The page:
Freedom is not just a crucial principle in our religious tradition. It is also a foundational value for the United States. It’s a well-worn word in politics, often used to invoke soaring pride. It speaks to an ideal we all seek to live and know.
But what do we really mean by freedom? And is it possible that the rhetoric of freedom has actually undermined freedom’s power to shape our collective commitment to this crucial condition of life?
Let’s start with the definition. Freedom is a state of liberty as opposed to confinement; freedom is the power of self-determination, the ability to control one’s own life. It means emancipation, liberation, a state of free will, agency.
A major theme of George Orwell’s dystopian novel, 1984, is the authoritarian government’s use of doublethink. This likely inspired what we commonly call doublespeak, the art of using language in a way that deliberately disguises, distorts or reverses the meaning of words. In the novel, the superstate of Oceania is a world of perpetual war, with constant government surveillance and public manipulation by masters of doublespeak. Doublespeak in politics is when powerful, patriotic, even moral language is used, but with a contrary or empty meaning to the underlying words. As a great example, one of the official slogans of the ruling Party was “War is Peace. Freedom is Slavery. Ignorance is Strength.”
I cannot help but think of Orwell when so many of our recent overseas wars are named for freedom, such as Operation Enduring Freedom, and when we use the language of freedom to protect discrimination, as when the notion of religious freedom is misused to promote religious discrimination. So many politicians speak as if a love of freedom lives in their hearts, but they do not seem concerned about the reality of mass incarceration in the United States.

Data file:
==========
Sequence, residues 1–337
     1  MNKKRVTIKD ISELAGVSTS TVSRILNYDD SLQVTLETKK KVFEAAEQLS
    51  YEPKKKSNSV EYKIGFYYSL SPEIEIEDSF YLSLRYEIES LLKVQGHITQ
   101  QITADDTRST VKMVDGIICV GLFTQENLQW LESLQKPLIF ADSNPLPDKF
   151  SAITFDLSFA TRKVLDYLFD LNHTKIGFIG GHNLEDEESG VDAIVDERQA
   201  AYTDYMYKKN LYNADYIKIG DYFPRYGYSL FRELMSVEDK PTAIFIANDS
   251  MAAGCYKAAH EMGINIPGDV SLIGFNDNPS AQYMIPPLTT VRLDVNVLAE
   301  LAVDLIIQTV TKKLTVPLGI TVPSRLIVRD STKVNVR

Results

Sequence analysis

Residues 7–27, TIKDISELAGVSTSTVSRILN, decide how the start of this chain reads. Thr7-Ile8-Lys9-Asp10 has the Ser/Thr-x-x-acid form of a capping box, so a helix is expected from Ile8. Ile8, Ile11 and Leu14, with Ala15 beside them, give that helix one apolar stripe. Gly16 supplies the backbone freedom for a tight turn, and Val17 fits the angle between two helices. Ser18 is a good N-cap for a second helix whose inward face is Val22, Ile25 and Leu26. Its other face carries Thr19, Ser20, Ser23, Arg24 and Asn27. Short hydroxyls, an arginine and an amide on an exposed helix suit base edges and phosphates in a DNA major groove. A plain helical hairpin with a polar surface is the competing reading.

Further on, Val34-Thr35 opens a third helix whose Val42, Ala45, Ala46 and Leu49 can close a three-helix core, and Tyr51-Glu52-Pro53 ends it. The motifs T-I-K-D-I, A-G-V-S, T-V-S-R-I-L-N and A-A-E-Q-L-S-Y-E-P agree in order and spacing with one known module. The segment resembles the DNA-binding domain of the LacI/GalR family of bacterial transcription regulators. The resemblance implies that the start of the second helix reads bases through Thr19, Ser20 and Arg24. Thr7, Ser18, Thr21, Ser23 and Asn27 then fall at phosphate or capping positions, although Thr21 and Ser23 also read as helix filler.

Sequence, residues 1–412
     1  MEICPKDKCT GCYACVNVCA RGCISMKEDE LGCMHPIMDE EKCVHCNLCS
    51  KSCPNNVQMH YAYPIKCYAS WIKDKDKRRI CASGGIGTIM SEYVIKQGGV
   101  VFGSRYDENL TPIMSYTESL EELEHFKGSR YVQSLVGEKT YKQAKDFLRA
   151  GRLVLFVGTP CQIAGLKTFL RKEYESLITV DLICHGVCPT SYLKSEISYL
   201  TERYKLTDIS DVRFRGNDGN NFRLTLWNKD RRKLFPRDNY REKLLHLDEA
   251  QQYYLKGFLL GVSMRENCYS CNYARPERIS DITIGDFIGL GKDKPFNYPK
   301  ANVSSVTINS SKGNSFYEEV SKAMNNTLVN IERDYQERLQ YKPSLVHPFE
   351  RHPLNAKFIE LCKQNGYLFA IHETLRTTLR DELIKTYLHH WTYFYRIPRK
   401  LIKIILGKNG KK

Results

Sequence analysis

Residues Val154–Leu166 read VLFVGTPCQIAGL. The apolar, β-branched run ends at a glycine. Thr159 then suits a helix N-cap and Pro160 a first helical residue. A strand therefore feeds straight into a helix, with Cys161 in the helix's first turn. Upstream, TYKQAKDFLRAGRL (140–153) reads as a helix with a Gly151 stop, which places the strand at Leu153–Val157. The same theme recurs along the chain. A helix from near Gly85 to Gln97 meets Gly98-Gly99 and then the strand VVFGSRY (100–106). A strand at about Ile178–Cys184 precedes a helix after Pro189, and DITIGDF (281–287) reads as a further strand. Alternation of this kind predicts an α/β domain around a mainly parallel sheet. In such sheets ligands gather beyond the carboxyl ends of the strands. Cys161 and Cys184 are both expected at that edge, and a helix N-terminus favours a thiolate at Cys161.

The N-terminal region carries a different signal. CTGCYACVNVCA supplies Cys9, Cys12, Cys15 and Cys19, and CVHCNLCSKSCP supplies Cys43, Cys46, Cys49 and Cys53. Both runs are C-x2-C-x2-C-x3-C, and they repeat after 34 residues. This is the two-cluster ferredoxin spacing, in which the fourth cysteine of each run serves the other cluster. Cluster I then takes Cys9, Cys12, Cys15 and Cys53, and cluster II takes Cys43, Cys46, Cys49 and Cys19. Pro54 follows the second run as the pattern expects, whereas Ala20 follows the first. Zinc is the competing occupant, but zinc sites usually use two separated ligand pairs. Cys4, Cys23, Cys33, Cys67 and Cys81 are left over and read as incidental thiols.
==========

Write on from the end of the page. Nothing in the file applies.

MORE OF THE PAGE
The statistic that continues to shock me—and should shock us all—is that the U.S. contains five percent of the world’s people, but 25 percent of the world’s incarcerated population. One quarter of all the people imprisoned anywhere in the world are in the U.S. In fact, the United States has the highest incarceration rate of any country, with a total of over 2.3 million people behind bars. From 1970 to 2005 (a mere 35 years) the US prison population grew 700 percent while the actual population during this time only grew 44 percent. This is reality in what we call the Land of Liberty.
What the Black Lives Matter movement and Michelle Alexander’s incredible book, The New Jim Crow, have revealed is that our system—at all levels of municipal, state and federal government—is financially dependent on American’s criminalization and imprisonment. In this Land of Liberty, the Land of the Free, we create financial incentives and fund our governments by criminalizing the population. Meanwhile, the rhetoric of freedom—silent on the issue of mass incarceration, detention and criminalization—instead speaks only of birth control, marriage, health care, guns, taxes and war.
What was it that Jesus said about looking at the speck of dust in your brother’s eye but failing to notice the log within your own eye? But before going any further, let’s step back and remember that love of freedom in the United States has never rung fully true. There is no idealized past to look back to on this one.
The soaring rhetoric of liberty inscribed in the Declaration of Independence, what some call our American credo—that “all men are endowed by their creator with certain unalienable rights, that among these are Life, Liberty and the pursuit of Happiness”—was written by the slave-owning father of our country, Thomas Jefferson. And indeed, the document’s proclamation of liberty stood in sharp contrast to the undeniable reality of slavery. And even after the brutal Civil War brought an end to the institution of slavery, the struggle for equality, dignity and freedom continued, and continues today.
Yes, we’ve made progress on many accounts, but there are losses as well. We have not reached the pinnacle of equality; our present system is found lacking when compared to the elevated rhetoric of freedom that we hear so frequently on our radios and televisions and in the mouths of too many of our political leaders.